The most difficult aspects of researching a case come up in a situation like this where there is no crime scene, a body, or any actual proof.

Larry Murphy’s Connection in The Annie McCarrick Case

Larry Murphy, a convicted rapist from County Wicklow, is still suspected of being involved with her disappearance.

In February 2000, he was arrested in the Wicklow Mountains for kidnapping, raping, and attempted murder of a young woman. Murphy was sentenced to 15 years in prison after two hunters came across the horrific scene and rescued her.

After serving ten and a half years in prison, he was released in 2010 and is now thought to be residing in the United Kingdom.

Ciara Breen, Fiona Pender, and Fiona Sinnott are among the other missing women who have been linked to the Wicklow carpenter.

However, the Garda’s Operation Trace investigation concluded that there was circumstantial evidence linking him to the disappearances of Jo Jo Dullard and Annie McCarrick, and Deride Jacob.

Murphy is suspected of confessing to murdering Ms. Jacob to another inmate while intoxicated on “prison hooch” while serving his ten-year sentence, mostly in Arbour Hill Prison.

However, Murphy denied any involvement in her disappearance during an interview with garda while imprisoned.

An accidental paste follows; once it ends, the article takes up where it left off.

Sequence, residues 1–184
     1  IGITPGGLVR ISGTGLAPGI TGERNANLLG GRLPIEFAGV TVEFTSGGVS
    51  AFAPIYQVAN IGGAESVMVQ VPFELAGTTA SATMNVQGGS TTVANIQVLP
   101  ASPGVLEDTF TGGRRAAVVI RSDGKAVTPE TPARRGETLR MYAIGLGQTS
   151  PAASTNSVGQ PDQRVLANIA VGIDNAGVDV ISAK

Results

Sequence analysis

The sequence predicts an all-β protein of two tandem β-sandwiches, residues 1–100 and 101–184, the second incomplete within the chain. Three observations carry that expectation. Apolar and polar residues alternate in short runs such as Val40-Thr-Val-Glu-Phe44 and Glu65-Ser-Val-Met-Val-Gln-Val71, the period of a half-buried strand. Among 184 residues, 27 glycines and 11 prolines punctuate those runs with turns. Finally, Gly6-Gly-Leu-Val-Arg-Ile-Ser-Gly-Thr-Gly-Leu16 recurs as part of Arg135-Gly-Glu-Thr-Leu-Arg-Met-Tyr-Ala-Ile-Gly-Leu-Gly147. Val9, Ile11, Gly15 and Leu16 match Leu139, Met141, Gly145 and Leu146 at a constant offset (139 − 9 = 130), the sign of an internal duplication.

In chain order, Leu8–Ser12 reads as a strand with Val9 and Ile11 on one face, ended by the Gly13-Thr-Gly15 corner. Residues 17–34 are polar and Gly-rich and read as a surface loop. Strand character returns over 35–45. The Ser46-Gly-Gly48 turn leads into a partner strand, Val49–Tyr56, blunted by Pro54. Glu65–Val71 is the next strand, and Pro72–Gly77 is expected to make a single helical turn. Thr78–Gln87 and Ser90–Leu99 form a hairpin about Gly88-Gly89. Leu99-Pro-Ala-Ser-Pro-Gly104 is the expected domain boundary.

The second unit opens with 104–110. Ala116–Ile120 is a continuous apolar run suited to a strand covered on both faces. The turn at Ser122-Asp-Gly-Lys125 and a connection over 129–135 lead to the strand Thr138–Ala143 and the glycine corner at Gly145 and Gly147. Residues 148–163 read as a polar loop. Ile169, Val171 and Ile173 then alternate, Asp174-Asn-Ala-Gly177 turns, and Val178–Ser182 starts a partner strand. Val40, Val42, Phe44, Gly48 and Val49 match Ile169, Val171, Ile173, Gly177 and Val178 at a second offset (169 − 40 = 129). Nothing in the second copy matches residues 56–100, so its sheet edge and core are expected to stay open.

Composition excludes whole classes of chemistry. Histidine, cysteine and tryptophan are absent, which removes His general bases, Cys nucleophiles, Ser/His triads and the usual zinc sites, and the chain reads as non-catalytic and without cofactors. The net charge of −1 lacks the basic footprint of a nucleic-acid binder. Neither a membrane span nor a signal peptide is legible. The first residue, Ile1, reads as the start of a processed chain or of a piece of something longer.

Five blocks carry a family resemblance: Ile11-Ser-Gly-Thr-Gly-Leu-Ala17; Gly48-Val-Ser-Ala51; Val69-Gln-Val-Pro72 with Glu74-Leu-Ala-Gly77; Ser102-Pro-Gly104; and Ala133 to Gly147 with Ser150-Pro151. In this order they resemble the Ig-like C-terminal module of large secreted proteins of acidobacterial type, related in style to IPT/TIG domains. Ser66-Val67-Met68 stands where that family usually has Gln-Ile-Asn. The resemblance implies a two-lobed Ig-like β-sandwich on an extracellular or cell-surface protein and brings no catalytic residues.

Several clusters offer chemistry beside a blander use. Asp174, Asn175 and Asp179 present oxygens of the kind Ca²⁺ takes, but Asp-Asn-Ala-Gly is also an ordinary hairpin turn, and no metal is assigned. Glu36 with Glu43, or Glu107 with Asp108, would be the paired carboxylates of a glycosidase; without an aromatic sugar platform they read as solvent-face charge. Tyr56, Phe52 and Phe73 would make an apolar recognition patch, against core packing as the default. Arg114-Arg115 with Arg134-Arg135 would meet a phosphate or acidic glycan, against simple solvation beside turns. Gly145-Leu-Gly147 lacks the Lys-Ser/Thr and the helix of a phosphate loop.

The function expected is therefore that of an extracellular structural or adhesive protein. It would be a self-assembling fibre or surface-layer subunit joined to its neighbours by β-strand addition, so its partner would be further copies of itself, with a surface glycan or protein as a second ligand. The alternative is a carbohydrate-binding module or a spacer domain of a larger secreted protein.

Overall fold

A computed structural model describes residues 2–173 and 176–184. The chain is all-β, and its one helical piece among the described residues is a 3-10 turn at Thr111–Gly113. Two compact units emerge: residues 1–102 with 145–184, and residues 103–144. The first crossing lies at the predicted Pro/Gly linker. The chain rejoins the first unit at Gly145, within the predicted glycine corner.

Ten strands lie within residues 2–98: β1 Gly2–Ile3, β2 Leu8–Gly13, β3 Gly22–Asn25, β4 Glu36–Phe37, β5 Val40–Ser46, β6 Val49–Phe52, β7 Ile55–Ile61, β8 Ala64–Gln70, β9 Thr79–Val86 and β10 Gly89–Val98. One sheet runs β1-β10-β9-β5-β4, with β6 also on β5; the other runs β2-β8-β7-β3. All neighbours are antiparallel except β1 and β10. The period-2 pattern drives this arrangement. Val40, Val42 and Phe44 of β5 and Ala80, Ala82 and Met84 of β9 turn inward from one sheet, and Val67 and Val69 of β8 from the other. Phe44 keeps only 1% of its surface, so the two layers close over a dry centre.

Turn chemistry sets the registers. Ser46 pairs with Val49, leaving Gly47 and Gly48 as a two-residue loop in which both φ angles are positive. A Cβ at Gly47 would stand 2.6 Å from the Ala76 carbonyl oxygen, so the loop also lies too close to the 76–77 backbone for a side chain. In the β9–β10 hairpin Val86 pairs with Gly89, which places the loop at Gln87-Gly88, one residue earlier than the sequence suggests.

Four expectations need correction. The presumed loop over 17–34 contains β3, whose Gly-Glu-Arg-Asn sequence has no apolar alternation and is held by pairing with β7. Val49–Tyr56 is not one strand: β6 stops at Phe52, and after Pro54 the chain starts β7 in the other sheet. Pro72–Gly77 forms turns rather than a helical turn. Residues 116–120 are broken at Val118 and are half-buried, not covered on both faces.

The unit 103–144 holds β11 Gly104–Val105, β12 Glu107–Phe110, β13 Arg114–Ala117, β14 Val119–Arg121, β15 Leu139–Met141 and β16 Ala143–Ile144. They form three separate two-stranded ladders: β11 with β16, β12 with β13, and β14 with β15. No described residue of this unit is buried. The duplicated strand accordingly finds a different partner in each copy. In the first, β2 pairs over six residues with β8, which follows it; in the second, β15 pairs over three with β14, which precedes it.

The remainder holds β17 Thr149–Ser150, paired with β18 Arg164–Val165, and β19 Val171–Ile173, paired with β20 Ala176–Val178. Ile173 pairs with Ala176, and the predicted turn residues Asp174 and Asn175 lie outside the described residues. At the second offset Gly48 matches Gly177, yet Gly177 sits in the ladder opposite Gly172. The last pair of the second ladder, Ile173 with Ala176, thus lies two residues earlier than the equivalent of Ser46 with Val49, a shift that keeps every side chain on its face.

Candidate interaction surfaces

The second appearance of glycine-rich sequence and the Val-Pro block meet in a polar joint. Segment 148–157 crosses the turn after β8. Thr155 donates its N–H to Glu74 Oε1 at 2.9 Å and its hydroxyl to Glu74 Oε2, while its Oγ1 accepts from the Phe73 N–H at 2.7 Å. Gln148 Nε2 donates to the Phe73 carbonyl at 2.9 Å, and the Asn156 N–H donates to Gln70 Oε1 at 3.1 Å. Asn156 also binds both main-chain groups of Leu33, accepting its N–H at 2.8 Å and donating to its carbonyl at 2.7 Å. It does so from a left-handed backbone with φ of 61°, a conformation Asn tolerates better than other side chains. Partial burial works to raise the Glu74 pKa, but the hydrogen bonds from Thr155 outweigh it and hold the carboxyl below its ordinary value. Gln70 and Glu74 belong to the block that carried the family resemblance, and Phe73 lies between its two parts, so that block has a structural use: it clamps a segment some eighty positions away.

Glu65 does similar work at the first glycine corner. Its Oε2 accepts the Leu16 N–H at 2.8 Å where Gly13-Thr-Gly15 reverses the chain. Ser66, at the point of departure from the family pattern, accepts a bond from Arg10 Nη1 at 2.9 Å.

In 2018, Garda traveled to the United Kingdom and attempted to interview Murphy with the help of the London Metropolitan Police, but he refused to answer any questions.

Last year, as part of the Deirdre Jacob murder investigation, a large search operation was conducted in remote woodland. However, the three-week search came to an end with no new evidence discovered. Mr. Rock claims that you can’t have a court case without any proof.

Kenneth Strange – Former FBI Agent Investigating The Disappearance

Kenneth Strange, a former FBI agent and family friend of the McCarrick’s, assisted and advised them. On the 10th anniversary, he took an active interest in the case.

“When someone disappears, and they are part of a sequence of women who disappear, and there is no proof, and it all happens in the same region, then I would say we are talking about homicide,” said Mr. Strange. He flew to Ireland as part of his inquiry for Annie’s family.

He believes the case should be upgraded to a murder investigation by Garda.

The former FBI agent who serves as a liaison for the family of the woman Annie McCarrick, who has gone missing, has expressed optimism that the case can be solved.

According to Garda, the investigation into Annie McCarrick’s disappearance is still ongoing.

Annie McCarrick’s Family

Annie’s mother, Nancy, is still waiting for answers nearly 30 years later, but her father died without ever learning what happened to his only child.

Mr. Strange thinks that this case had a tremendous influence on John; his daughter meant everything to him, and he believes that it killed him.

The opening frames of a new documentary on the lingering mystery include haunting footage of a carefree Annie joyfully thanking her Nana “so much for the money” that she had sent to her in Dublin.